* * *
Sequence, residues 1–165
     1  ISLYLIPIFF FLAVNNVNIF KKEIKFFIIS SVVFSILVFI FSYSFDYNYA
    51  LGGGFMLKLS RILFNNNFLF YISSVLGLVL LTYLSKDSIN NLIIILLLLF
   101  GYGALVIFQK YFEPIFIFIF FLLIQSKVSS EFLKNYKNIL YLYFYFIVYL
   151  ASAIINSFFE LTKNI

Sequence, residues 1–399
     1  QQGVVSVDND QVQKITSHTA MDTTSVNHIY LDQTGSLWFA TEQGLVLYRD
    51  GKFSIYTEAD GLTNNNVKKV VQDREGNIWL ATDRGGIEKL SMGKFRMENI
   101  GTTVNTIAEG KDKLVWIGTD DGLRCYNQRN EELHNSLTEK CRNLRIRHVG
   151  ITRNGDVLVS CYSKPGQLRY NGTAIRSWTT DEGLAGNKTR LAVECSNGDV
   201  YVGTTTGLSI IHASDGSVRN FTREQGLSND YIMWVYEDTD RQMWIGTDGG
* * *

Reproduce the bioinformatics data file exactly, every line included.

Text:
Sequence, residues 1–165
     1  ISLYLIPIFF FLAVNNVNIF KKEIKFFIIS SVVFSILVFI FSYSFDYNYA
    51  LGGGFMLKLS RILFNNNFLF YISSVLGLVL LTYLSKDSIN NLIIILLLLF
   101  GYGALVIFQK YFEPIFIFIF FLLIQSKVSS EFLKNYKNIL YLYFYFIVYL
   151  ASAIINSFFE LTKNI

Sequence, residues 1–399
     1  QQGVVSVDND QVQKITSHTA MDTTSVNHIY LDQTGSLWFA TEQGLVLYRD
    51  GKFSIYTEAD GLTNNNVKKV VQDREGNIWL ATDRGGIEKL SMGKFRMENI
   101  GTTVNTIAEG KDKLVWIGTD DGLRCYNQRN EELHNSLTEK CRNLRIRHVG
   151  ITRNGDVLVS CYSKPGQLRY NGTAIRSWTT DEGLAGNKTR LAVECSNGDV
   201  YVGTTTGLSI IHASDGSVRN FTREQGLSND YIMWVYEDTD RQMWIGTDGG